3.4. Inhibition of Autophagy Prevented Neural Differentiation of NTERA2 Cells

Chloroquine, an autophagy inhibitor, was implemented to prove the role of autophagy during curcumin-induced neural differentiation of NTERA2 cells. It was found that the treatment of chloroquine enhanced P62 expression, a negative regulator of autophagy, while it suppressed autophagy machinery genes, including LC3, LAMP1, ATG5, and ATG12 (Figures 4(a) and 4(b)). The neural-inducing activity of both retinoic acid and curcumin was also inhibited by chloroquine, shown by the downregulation of PAX6, TUJ1, and NeuroD in chloroquine-treated cells (Figures 4(a) and 4(c)). To confirm whether neural differentiation was triggered by autophagy, immunofluorescence staining of LC3 protein was performed in cells with or without chloroquine. When chloroquine was absent, the neuron-derived NTERA2 cells with both 10 μM retinoic acid and 5 μM curcumin-treated cells were positively stained for LC3 protein (Figures 4(d) and 4(e)). This was different when chloroquine was applied; the fluorescence intensity of LC3 protein staining was significantly diminished (Figures 4(d) and 4(e)). This was in line with the previous report, demonstrating that the inhibition of autophagy of preadipocytes by ATG5 or ATG7 defective, or 3-methyladenine autophagy inhibitor (3MA) decreased adipocyte differentiation [51].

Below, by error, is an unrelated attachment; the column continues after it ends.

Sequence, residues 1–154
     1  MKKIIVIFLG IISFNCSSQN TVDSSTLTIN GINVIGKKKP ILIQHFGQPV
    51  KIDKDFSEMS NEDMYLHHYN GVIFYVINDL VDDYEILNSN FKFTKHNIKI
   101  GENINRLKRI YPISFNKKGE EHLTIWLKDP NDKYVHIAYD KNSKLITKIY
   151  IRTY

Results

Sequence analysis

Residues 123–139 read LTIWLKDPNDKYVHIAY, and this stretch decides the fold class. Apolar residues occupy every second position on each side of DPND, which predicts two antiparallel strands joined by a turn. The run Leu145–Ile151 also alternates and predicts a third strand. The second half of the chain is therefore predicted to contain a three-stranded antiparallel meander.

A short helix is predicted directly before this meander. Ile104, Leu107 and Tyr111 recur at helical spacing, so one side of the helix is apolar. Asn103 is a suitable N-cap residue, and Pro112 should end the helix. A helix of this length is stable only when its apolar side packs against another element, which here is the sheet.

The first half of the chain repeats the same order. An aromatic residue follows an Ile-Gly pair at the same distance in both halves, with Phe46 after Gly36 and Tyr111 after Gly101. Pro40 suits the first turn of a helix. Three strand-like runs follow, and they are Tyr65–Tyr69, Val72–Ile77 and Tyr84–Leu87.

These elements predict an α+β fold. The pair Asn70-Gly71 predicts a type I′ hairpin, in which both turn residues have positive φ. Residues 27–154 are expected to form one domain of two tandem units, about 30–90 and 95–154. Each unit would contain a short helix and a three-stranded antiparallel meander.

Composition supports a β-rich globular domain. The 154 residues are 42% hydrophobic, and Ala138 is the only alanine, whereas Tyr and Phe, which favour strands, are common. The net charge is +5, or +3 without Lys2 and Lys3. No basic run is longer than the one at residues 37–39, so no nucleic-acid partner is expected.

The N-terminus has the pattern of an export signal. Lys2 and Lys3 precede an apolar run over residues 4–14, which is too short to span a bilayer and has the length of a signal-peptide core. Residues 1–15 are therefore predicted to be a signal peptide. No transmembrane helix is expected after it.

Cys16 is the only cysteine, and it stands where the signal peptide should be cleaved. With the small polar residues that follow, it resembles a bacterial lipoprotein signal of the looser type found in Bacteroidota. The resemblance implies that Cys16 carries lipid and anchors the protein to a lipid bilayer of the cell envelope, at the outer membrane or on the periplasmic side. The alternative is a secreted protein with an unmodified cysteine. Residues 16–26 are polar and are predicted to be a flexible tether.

3.5. Curcumin Induced Autophagy via an ROS-Dependent Manner